Folio, paper, seventeenth century, about 100 leaves. A long description of Chester Cathedral.-Description of several hundreds in Cheshire-Account of the Earls of Chester-Copy of the charter of 21 Henry VII to the city of Chester-Deaths of the plague in Chester, between June 1647 and April 1648,particulars : total number of deaths, 2,099.

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“ Collectanea Devana", 2 vols., folio. (These are from various authors; a list of them is on p. 1.)

Vol. i, 330 pp. Collections for the City of Chester down to 1757. The Earls of Chester down to 1648. Part II begins at p. 123. It consists of fragments and lists and notes of Mayors, Sheriffs, etc. Vol. ii, pages 1 to 49, are occupied with the Sheriffs down to 1755, and additions down to 1802. A new paging (1 to 41), contains “ a collection of certain passages and occurrences in the Civil War, began A.D. 1642, concerning Chester and other places, mostly within the distance of a day's journey from that city.” It ends with a letter (6 pp.), dated Pulford, 17th March 1642, signed by Thomas Aston (the contents certified by ten other signatures) about the conduct of Aston in the affair of Middlewich. It is addressed to Earl Rivers and Viscounts Cholmondeley and Kilmurrey, and others.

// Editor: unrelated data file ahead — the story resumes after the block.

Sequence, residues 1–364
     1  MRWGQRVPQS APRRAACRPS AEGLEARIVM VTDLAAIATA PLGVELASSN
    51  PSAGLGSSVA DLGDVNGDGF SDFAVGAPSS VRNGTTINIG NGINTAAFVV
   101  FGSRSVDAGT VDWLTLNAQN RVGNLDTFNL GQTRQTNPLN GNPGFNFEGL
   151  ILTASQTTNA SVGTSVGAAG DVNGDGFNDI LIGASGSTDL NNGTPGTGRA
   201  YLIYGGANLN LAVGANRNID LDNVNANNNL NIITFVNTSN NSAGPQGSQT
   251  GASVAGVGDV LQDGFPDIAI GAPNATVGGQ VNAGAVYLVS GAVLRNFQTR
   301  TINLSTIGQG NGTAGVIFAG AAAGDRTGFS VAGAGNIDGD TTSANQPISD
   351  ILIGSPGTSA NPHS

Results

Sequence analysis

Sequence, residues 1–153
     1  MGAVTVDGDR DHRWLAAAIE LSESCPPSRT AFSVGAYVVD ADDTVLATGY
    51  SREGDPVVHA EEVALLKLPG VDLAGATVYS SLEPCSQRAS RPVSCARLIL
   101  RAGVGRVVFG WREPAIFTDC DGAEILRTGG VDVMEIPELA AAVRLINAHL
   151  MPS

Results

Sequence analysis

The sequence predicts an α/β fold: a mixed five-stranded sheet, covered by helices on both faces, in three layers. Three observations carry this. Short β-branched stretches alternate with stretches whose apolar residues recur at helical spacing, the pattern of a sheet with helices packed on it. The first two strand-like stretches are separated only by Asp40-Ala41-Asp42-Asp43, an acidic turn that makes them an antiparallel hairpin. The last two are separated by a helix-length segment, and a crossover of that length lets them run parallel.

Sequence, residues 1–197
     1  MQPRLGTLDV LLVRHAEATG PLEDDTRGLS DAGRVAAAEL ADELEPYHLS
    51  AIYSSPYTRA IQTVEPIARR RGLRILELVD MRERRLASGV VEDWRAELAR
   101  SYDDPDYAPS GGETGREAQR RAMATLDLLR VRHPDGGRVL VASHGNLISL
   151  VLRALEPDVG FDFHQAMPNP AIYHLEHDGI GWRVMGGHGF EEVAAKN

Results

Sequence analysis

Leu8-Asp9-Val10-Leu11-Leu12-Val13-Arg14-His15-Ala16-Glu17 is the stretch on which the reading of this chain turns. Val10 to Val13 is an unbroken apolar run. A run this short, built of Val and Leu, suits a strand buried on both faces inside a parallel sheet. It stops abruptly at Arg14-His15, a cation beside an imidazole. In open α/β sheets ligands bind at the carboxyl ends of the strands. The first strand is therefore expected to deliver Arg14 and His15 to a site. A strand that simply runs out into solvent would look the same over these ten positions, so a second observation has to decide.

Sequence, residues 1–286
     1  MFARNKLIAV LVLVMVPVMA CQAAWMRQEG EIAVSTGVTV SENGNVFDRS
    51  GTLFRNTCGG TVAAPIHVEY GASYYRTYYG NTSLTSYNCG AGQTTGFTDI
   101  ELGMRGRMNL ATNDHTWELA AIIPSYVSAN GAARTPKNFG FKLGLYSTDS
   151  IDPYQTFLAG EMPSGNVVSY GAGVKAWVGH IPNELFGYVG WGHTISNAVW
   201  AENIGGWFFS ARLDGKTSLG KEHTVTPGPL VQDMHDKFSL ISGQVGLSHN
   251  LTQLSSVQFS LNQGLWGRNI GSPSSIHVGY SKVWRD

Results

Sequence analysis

Quarto, paper, eighteenth century. “ Villare Com. Cestri.”, 342 pp., besides tables at the end. It is headed, “Dr. Williamson's Collections from Holme's MSS., with some additions and annotations." The names of places are in alphabetical order, one name to each page. The last date is 1701, when the book was compiled. (It is said to be "out of the library of Dr. William Cowper, of Chester.")

Folio, paper, eighteenth century. “ Statuta Ecclesiæ Cathedralis, Cestr.", 54 pp., and one page of index to the Statutes. The Latin text is on one page, and an English translation on the opposite page.

A square folio, written A.D. 1764, 38 pp. An account of the siege of the City of Chester, 1645-begins, “1642, the war between the King and the Parliament being now begun, it was thought necessary to fortify Chester"; ends, with an account of the demolitions during the siege, “ to the full sum of £200,000.”

A folio volume, bound, with the arms of Cholmondeley on the sides. It is lettered on the back “Dr. Williamson's Collection of Cheshire Evidences". MSS. by William Cowper, of Clutton, ludimagister.